But the idea of death as a humanlike being is mostly characteristic of traditional folktales that dramatize the human anguish about mortality. By contrast, in the realm of religious ideas, death is regarded less as an identifiable personal being than as an abstract state of being. In the world of myth and legend, this state appears to collide with the human experience of life. As a consequence of human's nature as celestial beings, it is life on Earth which is sometimes viewed as a type of death. In this way, the question of how death enters the world in turn poses the question of how to understand death as an essential part of the world.
The Garden of Eden
In the book of Genesis, the first man, Adam, wanders through the paradisiacal Garden of Eden. Pitying his solitary nature, God creates the first woman, Eve, from Adam's rib. Adam and Eve are perfectly happy in the Garden of Eden and enjoy all its bounty with one exception: God prohibits the couple from eating from the Tree of Knowledge.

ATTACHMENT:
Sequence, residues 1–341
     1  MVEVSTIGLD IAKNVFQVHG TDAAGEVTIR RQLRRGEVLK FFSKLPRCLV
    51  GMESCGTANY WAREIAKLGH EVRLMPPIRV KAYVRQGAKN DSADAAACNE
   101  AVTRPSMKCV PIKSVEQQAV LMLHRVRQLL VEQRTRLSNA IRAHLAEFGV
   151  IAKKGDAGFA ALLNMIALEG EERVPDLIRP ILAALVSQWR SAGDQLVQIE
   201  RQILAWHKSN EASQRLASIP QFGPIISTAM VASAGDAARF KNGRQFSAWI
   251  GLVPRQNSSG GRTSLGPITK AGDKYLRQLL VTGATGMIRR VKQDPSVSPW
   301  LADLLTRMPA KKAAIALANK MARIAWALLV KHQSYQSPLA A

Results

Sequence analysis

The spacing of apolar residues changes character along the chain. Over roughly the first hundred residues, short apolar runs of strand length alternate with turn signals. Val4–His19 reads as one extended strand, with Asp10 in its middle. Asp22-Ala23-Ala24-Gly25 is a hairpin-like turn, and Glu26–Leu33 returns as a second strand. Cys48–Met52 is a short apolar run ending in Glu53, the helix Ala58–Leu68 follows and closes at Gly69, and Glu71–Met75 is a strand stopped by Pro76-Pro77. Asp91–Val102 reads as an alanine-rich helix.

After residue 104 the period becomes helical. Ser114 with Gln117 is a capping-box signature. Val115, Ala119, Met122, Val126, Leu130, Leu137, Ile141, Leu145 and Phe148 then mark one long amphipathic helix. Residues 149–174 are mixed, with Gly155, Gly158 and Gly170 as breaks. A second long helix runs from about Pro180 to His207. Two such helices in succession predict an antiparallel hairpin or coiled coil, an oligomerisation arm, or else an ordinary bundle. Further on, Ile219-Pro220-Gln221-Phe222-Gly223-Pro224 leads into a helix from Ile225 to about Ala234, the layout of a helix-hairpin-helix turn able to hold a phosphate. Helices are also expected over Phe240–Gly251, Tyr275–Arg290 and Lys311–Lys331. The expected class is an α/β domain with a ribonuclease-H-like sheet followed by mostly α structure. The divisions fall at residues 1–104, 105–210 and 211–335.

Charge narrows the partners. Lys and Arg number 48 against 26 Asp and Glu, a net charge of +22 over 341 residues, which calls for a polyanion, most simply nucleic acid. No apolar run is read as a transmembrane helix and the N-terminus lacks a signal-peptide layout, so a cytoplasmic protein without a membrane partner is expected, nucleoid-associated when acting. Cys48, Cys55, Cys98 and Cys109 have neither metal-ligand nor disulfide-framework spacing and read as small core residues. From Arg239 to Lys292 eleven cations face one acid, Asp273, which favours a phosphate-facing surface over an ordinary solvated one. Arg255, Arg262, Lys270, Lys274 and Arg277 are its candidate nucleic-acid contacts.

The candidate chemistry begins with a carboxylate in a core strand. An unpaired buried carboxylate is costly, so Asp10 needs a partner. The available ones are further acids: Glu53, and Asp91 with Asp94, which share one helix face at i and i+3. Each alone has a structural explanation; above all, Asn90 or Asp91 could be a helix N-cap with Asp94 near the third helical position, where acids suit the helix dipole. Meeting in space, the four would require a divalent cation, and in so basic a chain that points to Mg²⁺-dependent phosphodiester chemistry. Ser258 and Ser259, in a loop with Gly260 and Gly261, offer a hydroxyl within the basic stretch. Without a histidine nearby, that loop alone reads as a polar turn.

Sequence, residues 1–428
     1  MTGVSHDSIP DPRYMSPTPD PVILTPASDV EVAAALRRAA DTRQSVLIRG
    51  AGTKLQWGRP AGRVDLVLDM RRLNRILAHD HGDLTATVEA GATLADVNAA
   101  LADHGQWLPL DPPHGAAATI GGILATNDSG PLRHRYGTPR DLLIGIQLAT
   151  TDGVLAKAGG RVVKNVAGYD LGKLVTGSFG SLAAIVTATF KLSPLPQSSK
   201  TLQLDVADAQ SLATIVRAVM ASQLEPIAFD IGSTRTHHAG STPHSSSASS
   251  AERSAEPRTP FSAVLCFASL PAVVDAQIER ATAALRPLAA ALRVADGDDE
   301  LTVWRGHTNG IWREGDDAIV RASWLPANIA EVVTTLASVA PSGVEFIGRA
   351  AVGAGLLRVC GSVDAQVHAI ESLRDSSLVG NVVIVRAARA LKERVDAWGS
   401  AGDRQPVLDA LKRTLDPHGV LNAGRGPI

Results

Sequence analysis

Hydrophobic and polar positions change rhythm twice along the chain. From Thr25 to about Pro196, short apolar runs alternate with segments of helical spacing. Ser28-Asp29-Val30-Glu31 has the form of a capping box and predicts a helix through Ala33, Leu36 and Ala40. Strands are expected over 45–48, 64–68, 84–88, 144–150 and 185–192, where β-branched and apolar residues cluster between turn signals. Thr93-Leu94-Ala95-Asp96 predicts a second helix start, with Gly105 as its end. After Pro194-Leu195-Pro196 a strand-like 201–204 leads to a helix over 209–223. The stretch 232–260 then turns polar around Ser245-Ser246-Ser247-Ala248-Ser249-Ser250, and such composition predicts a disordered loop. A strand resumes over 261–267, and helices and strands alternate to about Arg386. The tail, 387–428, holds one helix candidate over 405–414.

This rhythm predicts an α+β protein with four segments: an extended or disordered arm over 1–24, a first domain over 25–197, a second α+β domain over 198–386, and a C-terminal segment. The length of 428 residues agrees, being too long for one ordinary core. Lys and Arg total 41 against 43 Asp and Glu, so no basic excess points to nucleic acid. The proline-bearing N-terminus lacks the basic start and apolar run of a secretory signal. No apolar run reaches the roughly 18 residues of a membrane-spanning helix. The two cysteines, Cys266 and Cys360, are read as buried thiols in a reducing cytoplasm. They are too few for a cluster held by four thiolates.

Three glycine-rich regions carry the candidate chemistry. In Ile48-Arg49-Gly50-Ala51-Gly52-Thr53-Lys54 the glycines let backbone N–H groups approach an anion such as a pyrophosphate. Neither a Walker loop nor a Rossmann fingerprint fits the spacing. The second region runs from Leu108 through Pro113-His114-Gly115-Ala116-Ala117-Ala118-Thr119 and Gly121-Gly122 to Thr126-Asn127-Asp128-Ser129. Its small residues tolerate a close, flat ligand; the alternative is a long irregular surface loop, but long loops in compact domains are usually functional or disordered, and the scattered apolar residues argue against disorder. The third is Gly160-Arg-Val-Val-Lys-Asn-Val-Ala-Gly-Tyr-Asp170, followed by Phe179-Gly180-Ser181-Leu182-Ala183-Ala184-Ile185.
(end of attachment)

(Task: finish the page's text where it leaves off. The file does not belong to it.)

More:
The Garden of Eden is utopian. Utopia, in its etymological sense, is literally "no place." It is a perfect, probably spiritual domain for two celestial beings who, bearing the birthmarks of the God who created them, are immortal. These two beings eat from the Tree of Knowledge, which ironically, distracts them from their awareness of God and his omnipresence. As a result of this error, Adam and Eve become the embodiment of forgetfulness of the divine. In other words, they become material beings, as symbolized in their sudden awareness of and shame in their nakedness.